Exports are frequently being classified as ‘green list’ waste of low risk to the environment, but are often contaminated with materials such as mud, sand, bricks and wood, posing a risk to the environment and human health overseas, and undermining legitimate businesses in the UK seeking to recover such waste properly.
During the last year, the EA has intercepted shipments to prevent the illegal export of this material on numerous occasions. The Agency inspected 1,889 containers at English ports and stopped 463 being illegally exported. This, combined with regulatory intervention upstream at sites, prevented the illegal export of nearly 23,000 tonnes of waste.
Those convicted of illegally exporting waste face an unlimited fine and a two-year jail sentence. But construction firms could also face enforcement action if contaminated construction and demolition waste plastic is illegally exported.
Malcolm Lythgo, Head of Waste Regulation at the Environment Agency, said it is seeing a marked increase in the number of highly contaminated plastic film and wrap shipments from the construction and demolition industry being stopped by officers.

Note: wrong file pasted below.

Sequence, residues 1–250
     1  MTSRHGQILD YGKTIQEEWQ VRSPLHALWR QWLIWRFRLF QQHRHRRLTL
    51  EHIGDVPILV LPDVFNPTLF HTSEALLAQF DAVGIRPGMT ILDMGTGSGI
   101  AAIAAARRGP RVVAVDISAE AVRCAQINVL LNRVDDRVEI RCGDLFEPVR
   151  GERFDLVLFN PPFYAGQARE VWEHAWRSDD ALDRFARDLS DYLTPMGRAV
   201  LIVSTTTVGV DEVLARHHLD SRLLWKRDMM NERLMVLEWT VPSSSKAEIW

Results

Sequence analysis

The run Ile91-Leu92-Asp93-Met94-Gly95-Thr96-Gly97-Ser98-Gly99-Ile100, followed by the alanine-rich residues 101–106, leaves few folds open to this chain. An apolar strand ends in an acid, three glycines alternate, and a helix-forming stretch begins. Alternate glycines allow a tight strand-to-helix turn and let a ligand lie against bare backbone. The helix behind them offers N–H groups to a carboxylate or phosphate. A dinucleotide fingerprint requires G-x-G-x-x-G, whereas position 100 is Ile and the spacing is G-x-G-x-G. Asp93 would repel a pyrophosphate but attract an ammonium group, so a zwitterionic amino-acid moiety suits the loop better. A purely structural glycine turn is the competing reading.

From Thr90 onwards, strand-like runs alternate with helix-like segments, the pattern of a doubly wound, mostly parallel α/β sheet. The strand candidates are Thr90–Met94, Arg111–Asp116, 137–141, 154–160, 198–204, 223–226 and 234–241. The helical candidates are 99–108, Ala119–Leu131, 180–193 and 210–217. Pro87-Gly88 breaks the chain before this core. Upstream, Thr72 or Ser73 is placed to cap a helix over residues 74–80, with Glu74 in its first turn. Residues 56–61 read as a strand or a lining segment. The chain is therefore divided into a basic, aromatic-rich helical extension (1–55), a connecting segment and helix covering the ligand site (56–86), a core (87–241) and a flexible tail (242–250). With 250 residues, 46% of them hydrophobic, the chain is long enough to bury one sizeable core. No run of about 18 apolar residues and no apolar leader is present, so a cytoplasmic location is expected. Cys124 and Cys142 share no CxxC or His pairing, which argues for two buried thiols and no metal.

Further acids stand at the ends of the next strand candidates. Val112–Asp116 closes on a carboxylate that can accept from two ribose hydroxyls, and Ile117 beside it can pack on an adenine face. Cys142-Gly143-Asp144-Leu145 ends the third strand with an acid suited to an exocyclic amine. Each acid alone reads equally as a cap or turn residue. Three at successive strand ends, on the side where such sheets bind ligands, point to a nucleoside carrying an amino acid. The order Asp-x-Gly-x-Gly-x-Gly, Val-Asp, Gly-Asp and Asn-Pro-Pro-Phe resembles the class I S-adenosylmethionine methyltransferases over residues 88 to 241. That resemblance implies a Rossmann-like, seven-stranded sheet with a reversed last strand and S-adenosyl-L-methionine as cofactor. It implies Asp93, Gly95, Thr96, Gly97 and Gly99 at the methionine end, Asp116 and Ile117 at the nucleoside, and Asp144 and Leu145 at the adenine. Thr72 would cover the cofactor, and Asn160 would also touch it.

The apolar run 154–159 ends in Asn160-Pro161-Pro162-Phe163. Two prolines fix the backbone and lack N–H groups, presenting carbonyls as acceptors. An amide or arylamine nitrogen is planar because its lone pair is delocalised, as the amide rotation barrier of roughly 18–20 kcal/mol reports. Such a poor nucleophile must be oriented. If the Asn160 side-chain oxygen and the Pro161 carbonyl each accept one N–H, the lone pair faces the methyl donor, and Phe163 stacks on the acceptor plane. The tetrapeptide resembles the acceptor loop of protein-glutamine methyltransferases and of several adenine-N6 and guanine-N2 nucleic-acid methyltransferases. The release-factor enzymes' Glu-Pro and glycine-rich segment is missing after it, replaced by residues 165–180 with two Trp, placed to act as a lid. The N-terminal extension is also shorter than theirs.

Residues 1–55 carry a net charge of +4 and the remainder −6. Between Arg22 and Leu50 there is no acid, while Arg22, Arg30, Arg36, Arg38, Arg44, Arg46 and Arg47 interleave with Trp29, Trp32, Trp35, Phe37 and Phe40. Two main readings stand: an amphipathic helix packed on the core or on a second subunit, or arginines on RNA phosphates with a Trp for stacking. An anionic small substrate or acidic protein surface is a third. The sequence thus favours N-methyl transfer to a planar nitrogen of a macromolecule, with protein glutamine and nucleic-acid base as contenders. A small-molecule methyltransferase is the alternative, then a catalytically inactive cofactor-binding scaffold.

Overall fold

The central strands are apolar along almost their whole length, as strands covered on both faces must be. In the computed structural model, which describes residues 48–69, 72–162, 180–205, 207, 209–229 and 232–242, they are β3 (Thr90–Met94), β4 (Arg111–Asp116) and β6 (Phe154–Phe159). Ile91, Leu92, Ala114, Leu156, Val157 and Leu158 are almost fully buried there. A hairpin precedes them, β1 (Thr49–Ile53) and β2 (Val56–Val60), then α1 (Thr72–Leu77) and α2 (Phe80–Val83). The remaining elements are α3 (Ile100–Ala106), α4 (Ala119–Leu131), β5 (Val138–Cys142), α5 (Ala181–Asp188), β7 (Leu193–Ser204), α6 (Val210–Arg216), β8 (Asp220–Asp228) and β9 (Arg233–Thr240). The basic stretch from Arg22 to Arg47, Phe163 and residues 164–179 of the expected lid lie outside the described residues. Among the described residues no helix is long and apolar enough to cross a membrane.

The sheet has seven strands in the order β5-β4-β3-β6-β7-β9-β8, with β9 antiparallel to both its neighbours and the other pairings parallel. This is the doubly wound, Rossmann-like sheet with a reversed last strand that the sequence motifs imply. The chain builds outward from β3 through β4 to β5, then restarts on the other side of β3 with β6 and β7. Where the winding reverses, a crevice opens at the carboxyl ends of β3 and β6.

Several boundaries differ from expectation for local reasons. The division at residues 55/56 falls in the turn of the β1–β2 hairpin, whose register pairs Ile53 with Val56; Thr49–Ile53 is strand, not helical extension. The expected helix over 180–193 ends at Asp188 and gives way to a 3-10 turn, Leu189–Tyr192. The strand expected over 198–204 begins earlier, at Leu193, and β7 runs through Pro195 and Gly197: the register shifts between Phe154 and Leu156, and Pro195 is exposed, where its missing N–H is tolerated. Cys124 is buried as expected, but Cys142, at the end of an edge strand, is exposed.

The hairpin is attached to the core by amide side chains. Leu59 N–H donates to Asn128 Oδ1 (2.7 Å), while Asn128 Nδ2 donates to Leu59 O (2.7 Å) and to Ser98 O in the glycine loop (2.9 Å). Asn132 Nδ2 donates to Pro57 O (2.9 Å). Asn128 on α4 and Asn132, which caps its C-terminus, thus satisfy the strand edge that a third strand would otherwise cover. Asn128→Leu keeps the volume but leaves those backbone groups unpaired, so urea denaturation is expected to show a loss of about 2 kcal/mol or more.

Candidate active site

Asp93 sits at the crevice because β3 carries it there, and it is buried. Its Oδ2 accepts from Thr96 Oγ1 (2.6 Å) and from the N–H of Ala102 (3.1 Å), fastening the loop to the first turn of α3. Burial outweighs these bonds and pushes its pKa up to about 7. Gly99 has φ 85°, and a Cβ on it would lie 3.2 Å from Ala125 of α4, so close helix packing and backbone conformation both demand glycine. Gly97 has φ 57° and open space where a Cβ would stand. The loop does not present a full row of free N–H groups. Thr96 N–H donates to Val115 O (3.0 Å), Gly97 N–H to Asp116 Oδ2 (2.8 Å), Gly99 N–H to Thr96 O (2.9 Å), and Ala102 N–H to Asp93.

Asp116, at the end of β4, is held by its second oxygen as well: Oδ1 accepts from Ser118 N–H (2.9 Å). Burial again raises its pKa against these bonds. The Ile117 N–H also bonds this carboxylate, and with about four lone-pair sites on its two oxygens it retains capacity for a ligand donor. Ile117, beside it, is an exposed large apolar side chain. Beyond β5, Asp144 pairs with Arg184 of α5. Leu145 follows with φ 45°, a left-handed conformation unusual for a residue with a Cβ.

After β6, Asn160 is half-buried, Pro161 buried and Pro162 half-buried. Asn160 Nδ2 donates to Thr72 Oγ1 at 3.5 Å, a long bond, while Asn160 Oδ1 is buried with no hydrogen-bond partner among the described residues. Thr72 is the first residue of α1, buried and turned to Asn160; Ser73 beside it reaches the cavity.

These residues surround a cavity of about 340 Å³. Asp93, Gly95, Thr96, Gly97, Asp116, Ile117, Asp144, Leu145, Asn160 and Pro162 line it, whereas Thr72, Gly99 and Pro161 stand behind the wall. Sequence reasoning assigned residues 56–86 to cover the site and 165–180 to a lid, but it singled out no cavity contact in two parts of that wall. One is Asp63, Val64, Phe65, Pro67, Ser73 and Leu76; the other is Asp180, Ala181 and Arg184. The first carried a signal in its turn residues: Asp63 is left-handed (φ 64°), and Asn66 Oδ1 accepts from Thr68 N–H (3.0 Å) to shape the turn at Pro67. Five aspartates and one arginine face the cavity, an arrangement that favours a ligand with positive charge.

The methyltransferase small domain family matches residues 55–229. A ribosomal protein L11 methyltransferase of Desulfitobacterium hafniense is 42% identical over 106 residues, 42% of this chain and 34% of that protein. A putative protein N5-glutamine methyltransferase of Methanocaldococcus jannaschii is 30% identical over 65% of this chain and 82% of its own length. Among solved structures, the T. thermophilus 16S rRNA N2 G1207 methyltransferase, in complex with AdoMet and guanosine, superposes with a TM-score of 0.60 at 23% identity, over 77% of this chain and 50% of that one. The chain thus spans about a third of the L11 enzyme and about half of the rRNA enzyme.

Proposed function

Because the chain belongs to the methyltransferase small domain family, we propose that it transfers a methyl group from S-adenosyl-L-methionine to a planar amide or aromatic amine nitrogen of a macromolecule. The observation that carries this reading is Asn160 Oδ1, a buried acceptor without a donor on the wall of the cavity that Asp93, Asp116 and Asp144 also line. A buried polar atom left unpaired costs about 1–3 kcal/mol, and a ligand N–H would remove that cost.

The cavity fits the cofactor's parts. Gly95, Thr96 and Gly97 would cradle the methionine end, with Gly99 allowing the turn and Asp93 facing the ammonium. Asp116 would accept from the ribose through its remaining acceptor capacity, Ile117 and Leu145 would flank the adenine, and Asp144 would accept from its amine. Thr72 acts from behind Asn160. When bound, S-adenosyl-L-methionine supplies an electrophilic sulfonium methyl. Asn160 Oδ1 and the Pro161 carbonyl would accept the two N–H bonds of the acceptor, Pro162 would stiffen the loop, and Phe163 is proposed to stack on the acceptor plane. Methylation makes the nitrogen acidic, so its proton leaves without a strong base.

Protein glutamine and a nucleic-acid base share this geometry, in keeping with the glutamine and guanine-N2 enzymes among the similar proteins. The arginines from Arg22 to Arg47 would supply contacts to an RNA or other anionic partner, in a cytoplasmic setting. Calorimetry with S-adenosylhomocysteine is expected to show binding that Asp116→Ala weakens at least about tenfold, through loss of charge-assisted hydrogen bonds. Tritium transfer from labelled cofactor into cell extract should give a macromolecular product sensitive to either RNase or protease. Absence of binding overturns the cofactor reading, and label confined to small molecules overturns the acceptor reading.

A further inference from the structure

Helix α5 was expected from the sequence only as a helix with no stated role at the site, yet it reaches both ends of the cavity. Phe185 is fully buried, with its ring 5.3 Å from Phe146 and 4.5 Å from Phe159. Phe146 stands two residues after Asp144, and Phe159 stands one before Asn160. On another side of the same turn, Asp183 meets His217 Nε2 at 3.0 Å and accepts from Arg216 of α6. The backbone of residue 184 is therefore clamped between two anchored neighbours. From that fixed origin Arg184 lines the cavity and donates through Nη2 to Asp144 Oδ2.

“I would strongly urge businesses to observe their legal responsibility to ensure waste is processed appropriately, so we can protect human health and the environment now and for future generations. It’s not enough just to give your waste to someone else - even a registered carrier. You need to know where your waste will ultimately end up to know it’s been handled properly. We want to work constructively with those in the construction and waste sectors so they can operate compliantly, but we will not hesitate to clamp down on those who show disregard for the environment and the law.”
There are a number of simple, practical steps that businesses can take to ensure that C&D site waste is handled legally.
Construction businesses should check what’s in their waste